Tax-dodgers and advertising threats
What use are ‘corporate social responsibility’ claims when the likes of Google and Facebook play it so fast and loose with tax?
Best I come clean for starters. Many of you might know by now that I’m leaving ISBA on April 22, exactly twenty years to the day since I joined the advertiser body. It’s been a really good innings, but all good things must come to an end.
I’m looking forward to a portfolio existence combining industry-level and non-executive work with some pure consulting, so I shouldn’t be too idle.
The guys at Mediatel have kindly suggested that they might be prepared to suffer my continuing to write for them as long as it’s any good [we’re hoping you’ll be set off the leash – Ed].
So while my ISBA franchise fades, I retain my knowledge and experience and can sometimes be rather more independent and perhaps less circumspect. Read on and you’ll see why I needed to set the scene first…
You can’t pick up a newspaper or watch TV news at the moment without seeing reverberating concern about various multinationals’ tax bills and arrangements.
Centre stage we have Google, now the world’s most valuable company, which has just agreed with HMRC to pay £130m corporation tax on an estimated UK ad revenue of ca.£4bn. That’s a rate of some 3% against the 20% ‘required’.
EMEA president Matt Brittin’s fail before the Commons Select Committee’s irrelevant questioning last week served to work the splinter of doubt further into Google’s own flesh and the media feasted on it.
Then there’s Facebook, which famously paid £4,327 on estimated UK revenues of £105m while giving its 362 staff here share bonuses totalling £35m and taking their average salary to £210,000. £4,327 is close to a month’s income tax for quite a few readers of this column and is about half of what will be deducted each month from the average Facebook employee though PAYE.
The Sunday Times ran a piece entitled “Six of biggest 10 firms pay no UK corporation tax“. Almost all the companies mentioned are significant advertisers. There’s no suggestion here that laws are being broken but each has installed elaborate arrangements which enable it to sidestep much UK tax and pay a lower rate in other jurisdictions like the Cayman Islands, Bermuda or Zug (?!).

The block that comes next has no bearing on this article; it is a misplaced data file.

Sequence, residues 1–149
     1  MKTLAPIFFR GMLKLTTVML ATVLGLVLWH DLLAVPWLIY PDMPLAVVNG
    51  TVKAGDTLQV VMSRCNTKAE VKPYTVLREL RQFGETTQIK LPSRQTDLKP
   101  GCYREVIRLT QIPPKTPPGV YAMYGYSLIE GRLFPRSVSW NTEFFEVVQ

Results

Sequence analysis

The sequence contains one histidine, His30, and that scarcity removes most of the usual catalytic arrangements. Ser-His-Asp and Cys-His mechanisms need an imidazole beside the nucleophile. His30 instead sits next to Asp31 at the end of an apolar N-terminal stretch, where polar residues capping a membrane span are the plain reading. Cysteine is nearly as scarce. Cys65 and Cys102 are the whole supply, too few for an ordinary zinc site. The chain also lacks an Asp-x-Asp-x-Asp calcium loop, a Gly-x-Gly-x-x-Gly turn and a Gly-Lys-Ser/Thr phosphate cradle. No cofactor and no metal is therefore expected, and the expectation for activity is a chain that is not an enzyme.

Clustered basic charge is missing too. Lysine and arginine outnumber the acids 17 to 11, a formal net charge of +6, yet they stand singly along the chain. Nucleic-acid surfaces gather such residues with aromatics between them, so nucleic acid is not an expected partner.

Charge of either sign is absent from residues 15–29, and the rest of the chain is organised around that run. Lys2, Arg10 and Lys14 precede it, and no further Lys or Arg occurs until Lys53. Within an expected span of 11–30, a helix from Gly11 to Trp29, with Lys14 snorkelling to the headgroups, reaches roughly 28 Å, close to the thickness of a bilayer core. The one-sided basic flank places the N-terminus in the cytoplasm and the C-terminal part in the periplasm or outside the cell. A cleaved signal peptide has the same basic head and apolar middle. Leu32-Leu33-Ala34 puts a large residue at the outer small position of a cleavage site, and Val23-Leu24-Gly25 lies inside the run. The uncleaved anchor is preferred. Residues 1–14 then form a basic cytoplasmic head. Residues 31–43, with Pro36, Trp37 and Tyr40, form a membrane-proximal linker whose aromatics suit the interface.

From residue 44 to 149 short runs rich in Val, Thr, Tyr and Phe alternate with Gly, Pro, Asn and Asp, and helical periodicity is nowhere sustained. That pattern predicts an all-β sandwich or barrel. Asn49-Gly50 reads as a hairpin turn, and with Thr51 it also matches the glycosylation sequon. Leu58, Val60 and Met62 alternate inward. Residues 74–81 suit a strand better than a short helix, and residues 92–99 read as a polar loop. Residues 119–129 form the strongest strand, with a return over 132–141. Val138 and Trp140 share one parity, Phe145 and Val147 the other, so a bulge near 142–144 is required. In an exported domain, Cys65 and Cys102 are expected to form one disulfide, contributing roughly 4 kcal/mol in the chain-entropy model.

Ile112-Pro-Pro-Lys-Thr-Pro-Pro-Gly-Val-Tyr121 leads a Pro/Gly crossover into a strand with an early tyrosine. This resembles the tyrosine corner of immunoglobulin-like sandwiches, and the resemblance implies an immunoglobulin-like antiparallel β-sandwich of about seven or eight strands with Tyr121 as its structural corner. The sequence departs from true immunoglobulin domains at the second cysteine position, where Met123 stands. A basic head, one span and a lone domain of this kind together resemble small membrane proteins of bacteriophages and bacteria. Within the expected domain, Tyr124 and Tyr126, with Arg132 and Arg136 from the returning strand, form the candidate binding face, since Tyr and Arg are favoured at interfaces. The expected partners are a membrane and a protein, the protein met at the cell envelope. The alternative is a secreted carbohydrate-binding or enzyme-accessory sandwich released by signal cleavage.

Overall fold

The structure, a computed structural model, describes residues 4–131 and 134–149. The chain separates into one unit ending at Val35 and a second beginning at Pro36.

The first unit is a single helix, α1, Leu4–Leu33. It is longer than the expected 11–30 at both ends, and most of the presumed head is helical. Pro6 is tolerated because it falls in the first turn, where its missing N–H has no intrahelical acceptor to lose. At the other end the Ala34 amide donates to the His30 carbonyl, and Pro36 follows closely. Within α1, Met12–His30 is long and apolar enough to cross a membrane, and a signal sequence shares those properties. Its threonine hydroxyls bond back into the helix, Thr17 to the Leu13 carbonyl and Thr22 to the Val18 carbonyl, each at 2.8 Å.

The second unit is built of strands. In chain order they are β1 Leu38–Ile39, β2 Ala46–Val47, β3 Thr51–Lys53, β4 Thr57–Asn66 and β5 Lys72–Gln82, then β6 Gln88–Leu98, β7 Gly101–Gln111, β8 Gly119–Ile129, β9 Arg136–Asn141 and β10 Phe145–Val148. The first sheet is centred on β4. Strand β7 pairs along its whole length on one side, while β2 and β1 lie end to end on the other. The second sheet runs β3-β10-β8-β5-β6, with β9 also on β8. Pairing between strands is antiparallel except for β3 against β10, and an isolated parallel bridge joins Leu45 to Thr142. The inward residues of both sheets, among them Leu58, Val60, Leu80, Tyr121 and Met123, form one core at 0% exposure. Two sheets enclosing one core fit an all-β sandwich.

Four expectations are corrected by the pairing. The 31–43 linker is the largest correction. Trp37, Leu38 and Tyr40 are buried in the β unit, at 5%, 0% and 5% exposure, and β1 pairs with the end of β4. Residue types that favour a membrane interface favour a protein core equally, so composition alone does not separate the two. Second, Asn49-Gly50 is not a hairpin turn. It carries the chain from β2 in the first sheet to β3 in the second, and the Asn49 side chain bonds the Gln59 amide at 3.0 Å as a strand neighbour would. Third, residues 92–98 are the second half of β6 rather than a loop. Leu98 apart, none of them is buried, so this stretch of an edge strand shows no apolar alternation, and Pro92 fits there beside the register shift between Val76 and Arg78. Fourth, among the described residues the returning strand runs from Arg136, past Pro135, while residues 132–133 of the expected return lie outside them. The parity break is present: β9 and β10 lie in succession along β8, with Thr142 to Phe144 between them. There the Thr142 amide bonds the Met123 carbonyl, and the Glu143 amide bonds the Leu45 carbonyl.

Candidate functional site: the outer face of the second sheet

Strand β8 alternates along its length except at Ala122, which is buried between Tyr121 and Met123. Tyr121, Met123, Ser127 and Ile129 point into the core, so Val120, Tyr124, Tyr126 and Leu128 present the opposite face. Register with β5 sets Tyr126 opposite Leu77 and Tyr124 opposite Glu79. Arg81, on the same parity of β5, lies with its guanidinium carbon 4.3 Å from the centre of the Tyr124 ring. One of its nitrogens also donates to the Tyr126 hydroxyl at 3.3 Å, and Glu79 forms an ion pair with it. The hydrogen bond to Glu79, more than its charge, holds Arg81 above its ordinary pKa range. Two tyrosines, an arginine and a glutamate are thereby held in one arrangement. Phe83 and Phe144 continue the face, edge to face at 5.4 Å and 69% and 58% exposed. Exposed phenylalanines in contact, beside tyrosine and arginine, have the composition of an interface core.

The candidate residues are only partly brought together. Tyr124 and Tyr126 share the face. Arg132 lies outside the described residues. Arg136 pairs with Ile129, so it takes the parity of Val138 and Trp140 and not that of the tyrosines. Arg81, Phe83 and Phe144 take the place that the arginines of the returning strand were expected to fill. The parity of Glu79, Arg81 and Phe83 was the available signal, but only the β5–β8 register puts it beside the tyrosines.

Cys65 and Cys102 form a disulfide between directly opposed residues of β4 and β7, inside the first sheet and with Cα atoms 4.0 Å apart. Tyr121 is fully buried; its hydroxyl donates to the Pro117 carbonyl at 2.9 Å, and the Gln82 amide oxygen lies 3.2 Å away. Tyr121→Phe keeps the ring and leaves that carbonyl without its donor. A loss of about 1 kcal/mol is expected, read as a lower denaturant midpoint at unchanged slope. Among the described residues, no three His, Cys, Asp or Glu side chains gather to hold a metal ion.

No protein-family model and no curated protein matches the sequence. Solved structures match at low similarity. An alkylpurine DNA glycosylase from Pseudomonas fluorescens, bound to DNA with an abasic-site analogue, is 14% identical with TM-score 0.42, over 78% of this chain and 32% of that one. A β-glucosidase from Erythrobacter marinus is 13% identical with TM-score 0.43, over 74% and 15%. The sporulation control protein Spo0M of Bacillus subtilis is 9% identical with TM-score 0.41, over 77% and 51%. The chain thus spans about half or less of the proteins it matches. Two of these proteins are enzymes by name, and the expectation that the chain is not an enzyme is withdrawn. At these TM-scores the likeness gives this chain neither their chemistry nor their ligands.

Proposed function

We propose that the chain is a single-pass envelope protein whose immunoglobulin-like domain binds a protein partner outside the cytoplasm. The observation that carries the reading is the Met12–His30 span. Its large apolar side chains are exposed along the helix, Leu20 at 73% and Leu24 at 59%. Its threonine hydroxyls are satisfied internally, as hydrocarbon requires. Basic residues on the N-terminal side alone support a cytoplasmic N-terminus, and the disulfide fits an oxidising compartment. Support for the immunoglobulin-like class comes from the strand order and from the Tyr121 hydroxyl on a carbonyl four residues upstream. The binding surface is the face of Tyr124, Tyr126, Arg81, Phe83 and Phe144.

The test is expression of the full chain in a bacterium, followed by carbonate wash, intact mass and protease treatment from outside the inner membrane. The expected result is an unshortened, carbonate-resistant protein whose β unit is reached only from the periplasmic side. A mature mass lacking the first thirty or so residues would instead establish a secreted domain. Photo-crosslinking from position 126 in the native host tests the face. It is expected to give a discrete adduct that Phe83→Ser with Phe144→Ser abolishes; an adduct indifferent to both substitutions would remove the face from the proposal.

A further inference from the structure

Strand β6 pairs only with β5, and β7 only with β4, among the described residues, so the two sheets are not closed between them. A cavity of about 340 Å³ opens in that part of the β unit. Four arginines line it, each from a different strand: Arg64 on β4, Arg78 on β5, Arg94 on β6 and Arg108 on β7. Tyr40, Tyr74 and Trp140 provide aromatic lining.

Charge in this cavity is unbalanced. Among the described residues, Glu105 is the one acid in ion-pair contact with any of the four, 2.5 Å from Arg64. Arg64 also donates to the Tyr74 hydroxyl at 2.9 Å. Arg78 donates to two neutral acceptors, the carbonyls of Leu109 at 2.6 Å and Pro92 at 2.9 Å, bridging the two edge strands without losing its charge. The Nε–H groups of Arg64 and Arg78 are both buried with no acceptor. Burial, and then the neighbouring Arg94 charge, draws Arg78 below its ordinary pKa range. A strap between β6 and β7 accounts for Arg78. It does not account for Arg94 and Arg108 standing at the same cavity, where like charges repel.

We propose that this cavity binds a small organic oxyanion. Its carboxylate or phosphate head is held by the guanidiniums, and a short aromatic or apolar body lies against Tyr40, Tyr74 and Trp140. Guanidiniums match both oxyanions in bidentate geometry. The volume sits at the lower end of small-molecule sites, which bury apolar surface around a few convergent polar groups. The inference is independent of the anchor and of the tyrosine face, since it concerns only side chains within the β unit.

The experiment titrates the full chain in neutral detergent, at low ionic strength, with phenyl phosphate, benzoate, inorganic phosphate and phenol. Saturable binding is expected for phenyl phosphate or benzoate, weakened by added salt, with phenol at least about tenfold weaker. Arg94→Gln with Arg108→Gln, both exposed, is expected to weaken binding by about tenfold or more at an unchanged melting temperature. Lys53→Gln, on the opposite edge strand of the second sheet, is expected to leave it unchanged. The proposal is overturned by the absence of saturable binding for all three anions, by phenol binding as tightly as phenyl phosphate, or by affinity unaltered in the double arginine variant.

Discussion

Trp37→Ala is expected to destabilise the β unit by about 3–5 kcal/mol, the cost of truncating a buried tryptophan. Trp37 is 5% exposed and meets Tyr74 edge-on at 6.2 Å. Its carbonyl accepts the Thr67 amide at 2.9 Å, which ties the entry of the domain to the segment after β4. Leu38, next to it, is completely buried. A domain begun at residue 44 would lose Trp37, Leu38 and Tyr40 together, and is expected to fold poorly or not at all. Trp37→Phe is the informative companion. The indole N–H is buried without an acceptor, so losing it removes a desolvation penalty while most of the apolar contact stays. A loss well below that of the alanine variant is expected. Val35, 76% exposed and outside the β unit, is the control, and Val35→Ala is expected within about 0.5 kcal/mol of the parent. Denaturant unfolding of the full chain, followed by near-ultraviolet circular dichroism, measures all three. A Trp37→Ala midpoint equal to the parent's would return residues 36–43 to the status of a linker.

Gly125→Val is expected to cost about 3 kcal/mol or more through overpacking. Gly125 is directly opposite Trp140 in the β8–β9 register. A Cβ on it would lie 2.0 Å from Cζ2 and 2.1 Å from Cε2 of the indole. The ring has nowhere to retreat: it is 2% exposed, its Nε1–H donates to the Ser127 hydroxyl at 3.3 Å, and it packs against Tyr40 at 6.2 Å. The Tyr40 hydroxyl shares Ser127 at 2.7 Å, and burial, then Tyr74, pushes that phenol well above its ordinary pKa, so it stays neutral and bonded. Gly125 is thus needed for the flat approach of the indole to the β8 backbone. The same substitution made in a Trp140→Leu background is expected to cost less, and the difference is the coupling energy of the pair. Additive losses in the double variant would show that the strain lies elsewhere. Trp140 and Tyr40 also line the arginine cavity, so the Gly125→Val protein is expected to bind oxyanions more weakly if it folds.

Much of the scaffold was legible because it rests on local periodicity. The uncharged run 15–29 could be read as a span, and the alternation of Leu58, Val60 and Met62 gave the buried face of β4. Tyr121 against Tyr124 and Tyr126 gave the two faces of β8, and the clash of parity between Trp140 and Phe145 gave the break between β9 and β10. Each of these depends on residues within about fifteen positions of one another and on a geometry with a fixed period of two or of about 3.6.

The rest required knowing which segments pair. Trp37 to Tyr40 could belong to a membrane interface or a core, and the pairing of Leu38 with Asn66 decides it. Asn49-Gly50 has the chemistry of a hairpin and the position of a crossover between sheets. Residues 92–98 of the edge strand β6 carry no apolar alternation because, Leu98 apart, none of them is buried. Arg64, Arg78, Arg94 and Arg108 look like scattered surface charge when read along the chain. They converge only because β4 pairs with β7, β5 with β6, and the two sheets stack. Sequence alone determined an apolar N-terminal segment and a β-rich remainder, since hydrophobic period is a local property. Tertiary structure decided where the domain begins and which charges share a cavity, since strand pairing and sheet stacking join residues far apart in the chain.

Each also has a pretty serious ‘corporate social responsibility’ programme in place which it trumpets at any opportunity. How does this square with their approach to corporate tax? Or to put it more plainly, will anybody believe their CSR claims when they’re playing it so fast and loose with tax?
Quick to defend themselves, companies point to the amount of inward investment and employment that business fosters. They also reference the amount of income tax that their thousands of often highly-paid employees contribute to Her Maj.
Hmmm. If I were one of those employees, I’d be wondering why and how my employer was getting away with paying far less in tax than I did. It wouldn’t make me feel any better about them.
It’s even worse if you consider this from the point of view of millennials, notorious for their demands of and challenges to their employers. They’re the next generation of senior management, so they can’t simply be ignored as they up sticks to go globe-trotting because they’re not getting enough training or because they don’t like the morals their employer displays.
So net, it’s not illegal and it is ‘fair game’ within one of the most complicated tax systems in the world which successive Governments have done nothing to address.
But it’s also all out of whack in peoples’ minds. I’ve written before about how some companies wipe out the value of their marketing through poor customer service. Now there’s another big, high-profile reason not to like or trust corporations. Campaign’s Gideon Spanier has written eloquently on this too.
Business is as important to society as Government, if not moreso. Society is not in good shape if its leaders – be they politicians (expenses) or corporations (tax) don’t set the right example.
HP vs FT
It happens from time to time, thankfully not very often. A commentator in an influential medium challenges a company’s behaviour, and suddenly it’s a charged exchange escalating to threats of withdrawal of advertising.
There was a high-profile spat of this kind about a decade ago when Marks and Spencer, then and now a major advertiser with the Daily Mail, took umbrage over some less than favourable editorial. M&S were understandably upset, but hamfistedly threatened to withdraw advertising support.
It’s a very American and, in these times of media oversupply, a very modern tack, but it also resembles a storyline from Mr Selfridge.
Trouble was, they misread the balance of power. Although they were (and are) a big high-street retailer and household name, they overlooked the fact that the Mail had a large readership, considerable influence and was probably their very best communications route to market. As I recall, the Mail dug in and M&S returned, tail between legs.
Today’s spat involves FT journalist Lucy Kellaway’s less than gushing comments about US Republican candidate and HP CEO Meg Whitman (apparently she’s got time to do both). Once again, things have already moved on beyond what was said and whether it was justified. So where’s the balance of power this time?
Well, HP’s a very big corporation, but not one without its troubles. And the FT is the global business paper of record, not some struggling trade rag. HP’s CMO Henry Gomez is the man in the line of fire. Whether he stepped up or was stepped up, I don’t hold out much hope for him.
And finally, an advertisement
Regular readers will be delighted to know that I’ve assembled a compilation of my first two years of rants into a souvenir paperback book. Entitled “If It Ain’t Broke, Fix it”, it’s available here. Hurry, hurry, while stocks last!